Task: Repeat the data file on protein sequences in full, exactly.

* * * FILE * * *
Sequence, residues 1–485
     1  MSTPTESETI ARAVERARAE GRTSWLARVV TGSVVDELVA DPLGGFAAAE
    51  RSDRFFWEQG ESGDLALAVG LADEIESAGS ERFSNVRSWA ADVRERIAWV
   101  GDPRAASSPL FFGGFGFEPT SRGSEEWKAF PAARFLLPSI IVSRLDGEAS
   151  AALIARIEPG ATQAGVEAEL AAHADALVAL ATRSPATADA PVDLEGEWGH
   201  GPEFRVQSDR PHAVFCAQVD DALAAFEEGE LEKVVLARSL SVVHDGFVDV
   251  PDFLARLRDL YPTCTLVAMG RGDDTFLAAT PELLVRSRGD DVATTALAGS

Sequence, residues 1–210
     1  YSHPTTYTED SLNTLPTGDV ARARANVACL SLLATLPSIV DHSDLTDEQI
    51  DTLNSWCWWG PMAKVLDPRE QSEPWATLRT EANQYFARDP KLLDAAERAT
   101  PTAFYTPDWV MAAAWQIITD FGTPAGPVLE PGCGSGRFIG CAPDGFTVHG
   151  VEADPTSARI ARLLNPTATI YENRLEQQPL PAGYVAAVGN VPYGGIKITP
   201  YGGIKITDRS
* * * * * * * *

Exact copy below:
Sequence, residues 1–485
     1  MSTPTESETI ARAVERARAE GRTSWLARVV TGSVVDELVA DPLGGFAAAE
    51  RSDRFFWEQG ESGDLALAVG LADEIESAGS ERFSNVRSWA ADVRERIAWV
   101  GDPRAASSPL FFGGFGFEPT SRGSEEWKAF PAARFLLPSI IVSRLDGEAS
   151  AALIARIEPG ATQAGVEAEL AAHADALVAL ATRSPATADA PVDLEGEWGH
   201  GPEFRVQSDR PHAVFCAQVD DALAAFEEGE LEKVVLARSL SVVHDGFVDV
   251  PDFLARLRDL YPTCTLVAMG RGDDTFLAAT PELLVRSRGD DVATTALAGS

Sequence, residues 1–210
     1  YSHPTTYTED SLNTLPTGDV ARARANVACL SLLATLPSIV DHSDLTDEQI
    51  DTLNSWCWWG PMAKVLDPRE QSEPWATLRT EANQYFARDP KLLDAAERAT
   101  PTAFYTPDWV MAAAWQIITD FGTPAGPVLE PGCGSGRFIG CAPDGFTVHG
   151  VEADPTSARI ARLLNPTATI YENRLEQQPL PAGYVAAVGN VPYGGIKITP
   201  YGGIKITDRS